Bonneville Phoenix Network
 KTAR News
 Arizona Sports
92.3 FM KTAR
Updated Mar 18, 2014 - 9:41 pm

ACLU, Arizona give arguments over no-bail law

SAN FRANCISCO — The American Civil Liberties Union has urged a federal
appeals court to strike down an Arizona law that denies bail to immigrants in
the country illegally, a voter-approved measure that Arizona’s lawyers call
necessary to prevent criminal suspects from fleeing the U.S.

ACLU attorney Cecelia Wang on Tuesday asked a 9th Circuit U.S. Court of Appeals
panel to find the law unconstitutional, saying people in the country illegally
who are charged with crimes are being unfairly singled out as flight risks.

The case marks the latest battle over Arizona’s crackdowns on illegal
immigration from the past decade. Arizona voters passed the law in 2006 to deny
bail to people who are in the country illegally and charged with certain
felonies, such as murder, sexual assault and even aggravated identity theft.

Wang argued that no empirical data exist that show immigrants are any more of a
flight risk than others cut loose before their final court appearances.

The ACLU and other legal aid groups maintain that the Latino detainees are
unfairly held while other nationalities are allowed to put up bond in exchange
for their freedom before trial.

“It’s unfair to subject a certain subsection of the population to rules that
don’t apply to everyone else,” Wang said.

Lawyers for the state argue that the law prevents defendants from fleeing the
country before their court hearings.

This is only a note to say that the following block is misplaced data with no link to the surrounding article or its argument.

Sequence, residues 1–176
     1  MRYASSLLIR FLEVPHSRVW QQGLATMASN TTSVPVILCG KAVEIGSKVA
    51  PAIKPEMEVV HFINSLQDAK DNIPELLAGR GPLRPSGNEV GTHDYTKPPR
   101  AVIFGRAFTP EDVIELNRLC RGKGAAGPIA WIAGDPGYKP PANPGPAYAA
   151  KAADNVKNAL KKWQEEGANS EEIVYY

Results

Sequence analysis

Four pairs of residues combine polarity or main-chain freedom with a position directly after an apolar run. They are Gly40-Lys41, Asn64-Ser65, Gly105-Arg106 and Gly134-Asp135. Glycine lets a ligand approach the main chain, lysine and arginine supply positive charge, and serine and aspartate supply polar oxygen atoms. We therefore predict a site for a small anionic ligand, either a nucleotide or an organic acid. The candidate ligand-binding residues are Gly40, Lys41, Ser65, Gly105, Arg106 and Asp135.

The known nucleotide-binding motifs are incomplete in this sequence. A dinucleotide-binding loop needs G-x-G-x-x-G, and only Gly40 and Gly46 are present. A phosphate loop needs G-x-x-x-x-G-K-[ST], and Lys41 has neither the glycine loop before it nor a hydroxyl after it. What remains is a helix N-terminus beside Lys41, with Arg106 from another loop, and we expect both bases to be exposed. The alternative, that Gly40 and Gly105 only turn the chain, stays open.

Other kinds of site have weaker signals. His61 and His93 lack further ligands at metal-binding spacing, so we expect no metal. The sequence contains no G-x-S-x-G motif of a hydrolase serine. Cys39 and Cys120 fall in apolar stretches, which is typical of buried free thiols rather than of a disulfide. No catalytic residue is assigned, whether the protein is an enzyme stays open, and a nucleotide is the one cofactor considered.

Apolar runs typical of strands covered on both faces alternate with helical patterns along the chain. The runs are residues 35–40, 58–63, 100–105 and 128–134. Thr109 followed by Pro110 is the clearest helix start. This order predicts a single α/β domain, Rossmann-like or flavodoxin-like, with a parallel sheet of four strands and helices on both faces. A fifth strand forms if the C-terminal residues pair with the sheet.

Arizona Assistant Attorney General Tim Casey noted that Proposition 100 was
approved by 78 percent of the voters. Casey argued that the law is in the
“compelling interest in keeping Arizona safe and undocumented workers out of
the country.”

A smaller three-judge panel rejected the ACLU’s arguments in 2011, but the
organization appealed to a larger en banc panel of 11 judges.

Four of the judges Tuesday asked questions of both sides but gave no indication
of how they would rule. One judge, Marsha Berzon, asked rhetorically, “How does
one overturn the will of an overwhelming majority of voters to support the
(federal) law?”

It could take months before the court rules, and the outcome can be appealed to
the U.S. Supreme Court.

Arizona is one of at least three states with laws confronting the issue of bail
for people in the country without authorization. Missouri and Virginia have
similar laws.

Arizona passed the no-bail law as it targeted illegal immigration through a
series of measures in the Legislature and at the ballot box. It was among four
immigration proposals approved by Arizonans in 2006. The no-bail law was
proposed by then-state Rep. Russell Pearce, who would later succeed in pushing
through Arizona’s landmark 2010 immigration enforcement law.

The challengers say the push by the Arizona Legislature to put the measure on
the ballot was permeated with the intent to punish people in the country
illegally for federal immigration violations. They also argue the state law is
trumped by federal law.

The lawyers defending the law say its intent was to improve public safety, not
punish people for federal immigration violations. They also said the state law
doesn’t conflict with federal law.


comments powered by Disqus